The two studies focused on a NLR protein called ZAR1 that can detect invading bacteria. The ZAR1 protein is found to be in a latent state in the absence of bacteria. Upon infection, ZAR1 is activated and undergoes huge conformational changes, forming a "ZAR1 resistosome" structure including 15 proteins.
The researchers also identified a funnel-like structure that tethers the resistosome to the plasma membrane.
In this way, it is like the resistosome sends a "self-destruction" order, triggering the infected cell to kill itself along with the invading pathogens, said Zhou Jianmin, a researcher at Institute of Genetics and Developmental Biology and corresponding author of the two studies, at a press conference.
Along with defining the mechanism, the Chinese researchers also created a structural model of the resistosome, paying the way for future related studies.
Chai Jijie, professor at Tsinghua University and corresponding author of the studies, said that in order to reduce the use of pesticide and make crop production more environmentally-friendly, people needed to rely on plant abilities to fend off pathogens. Therefore, it is a must to understand the mechanism of plant immune systems.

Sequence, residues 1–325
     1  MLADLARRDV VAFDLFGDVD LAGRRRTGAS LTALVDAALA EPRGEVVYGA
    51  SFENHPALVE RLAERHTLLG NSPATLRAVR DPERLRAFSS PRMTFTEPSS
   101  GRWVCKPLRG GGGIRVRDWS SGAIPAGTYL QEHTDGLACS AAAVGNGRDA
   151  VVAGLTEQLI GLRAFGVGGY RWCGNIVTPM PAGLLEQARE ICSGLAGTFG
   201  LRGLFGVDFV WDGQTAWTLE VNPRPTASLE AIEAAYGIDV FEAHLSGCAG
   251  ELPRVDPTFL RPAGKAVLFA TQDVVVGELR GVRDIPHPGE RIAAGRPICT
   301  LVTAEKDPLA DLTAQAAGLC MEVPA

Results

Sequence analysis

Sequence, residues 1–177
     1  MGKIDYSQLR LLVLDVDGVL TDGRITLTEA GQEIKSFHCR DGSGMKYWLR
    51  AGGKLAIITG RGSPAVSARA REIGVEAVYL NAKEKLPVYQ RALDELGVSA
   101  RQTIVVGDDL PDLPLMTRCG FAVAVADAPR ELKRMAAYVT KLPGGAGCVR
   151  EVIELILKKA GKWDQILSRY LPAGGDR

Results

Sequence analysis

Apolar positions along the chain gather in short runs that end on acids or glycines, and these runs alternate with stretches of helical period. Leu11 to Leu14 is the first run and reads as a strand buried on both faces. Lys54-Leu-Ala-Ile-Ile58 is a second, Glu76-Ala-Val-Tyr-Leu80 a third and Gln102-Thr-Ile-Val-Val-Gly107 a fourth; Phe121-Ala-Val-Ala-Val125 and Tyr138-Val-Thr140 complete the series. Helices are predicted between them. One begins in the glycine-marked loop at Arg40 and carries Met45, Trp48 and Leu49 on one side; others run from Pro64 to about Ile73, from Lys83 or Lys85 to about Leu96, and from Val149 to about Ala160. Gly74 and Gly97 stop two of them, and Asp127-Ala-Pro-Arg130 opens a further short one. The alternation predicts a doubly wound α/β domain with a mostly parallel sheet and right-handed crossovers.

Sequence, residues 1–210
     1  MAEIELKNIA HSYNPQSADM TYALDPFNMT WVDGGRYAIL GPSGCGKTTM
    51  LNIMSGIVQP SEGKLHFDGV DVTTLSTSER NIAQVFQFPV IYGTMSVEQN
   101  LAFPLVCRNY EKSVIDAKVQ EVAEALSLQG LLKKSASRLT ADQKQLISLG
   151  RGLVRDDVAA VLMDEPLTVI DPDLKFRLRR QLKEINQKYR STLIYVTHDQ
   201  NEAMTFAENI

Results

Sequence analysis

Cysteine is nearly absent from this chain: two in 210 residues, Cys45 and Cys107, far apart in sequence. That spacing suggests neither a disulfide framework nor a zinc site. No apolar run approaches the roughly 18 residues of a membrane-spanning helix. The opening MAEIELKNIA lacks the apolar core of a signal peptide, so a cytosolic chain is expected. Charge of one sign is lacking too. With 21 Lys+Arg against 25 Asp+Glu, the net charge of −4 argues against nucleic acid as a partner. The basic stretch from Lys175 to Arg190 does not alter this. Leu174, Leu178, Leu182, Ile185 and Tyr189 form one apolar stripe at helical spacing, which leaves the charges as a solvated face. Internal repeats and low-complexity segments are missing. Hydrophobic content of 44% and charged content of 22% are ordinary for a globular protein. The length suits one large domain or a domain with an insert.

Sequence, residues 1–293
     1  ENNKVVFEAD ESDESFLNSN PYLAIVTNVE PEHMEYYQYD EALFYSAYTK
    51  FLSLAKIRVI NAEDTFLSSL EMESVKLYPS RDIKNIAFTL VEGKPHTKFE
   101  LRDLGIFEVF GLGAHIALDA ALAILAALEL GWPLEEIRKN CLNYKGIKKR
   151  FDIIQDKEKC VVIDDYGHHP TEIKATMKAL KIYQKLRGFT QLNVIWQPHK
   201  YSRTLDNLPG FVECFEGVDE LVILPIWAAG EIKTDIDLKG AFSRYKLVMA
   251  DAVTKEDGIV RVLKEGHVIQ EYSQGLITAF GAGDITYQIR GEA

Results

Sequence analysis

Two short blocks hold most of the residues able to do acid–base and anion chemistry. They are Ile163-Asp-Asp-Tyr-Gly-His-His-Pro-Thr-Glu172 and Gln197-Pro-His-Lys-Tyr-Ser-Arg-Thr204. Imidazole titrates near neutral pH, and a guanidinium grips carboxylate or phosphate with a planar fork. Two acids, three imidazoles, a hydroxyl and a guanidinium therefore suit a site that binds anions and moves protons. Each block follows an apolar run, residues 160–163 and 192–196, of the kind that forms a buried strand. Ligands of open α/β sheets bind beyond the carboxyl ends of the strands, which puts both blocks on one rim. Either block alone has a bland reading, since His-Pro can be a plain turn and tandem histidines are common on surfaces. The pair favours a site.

"This is truly a stunning and beautiful structure. I think I have goosebumps. I'm so excited to see it." said Sophien Kamoun, a senior scientist at the Sainsbury Laboratory in Britain.
He said the more exciting part is the Chinese researchers proposed a new model of "death switch" in plants and it will have many implications in plant immunity research.
In a review article published in the same issue of Science, researchers from the U.S. and Britain said that the two studies "end much of the speculation" on how NLR proteins function and provide clues to cell death control and immunity.
Paul Schulze-Lefert, director of the Max Planck Institute for Plant Breeding Research in Cologne, Germany, said in a statement that "This will become textbook knowledge."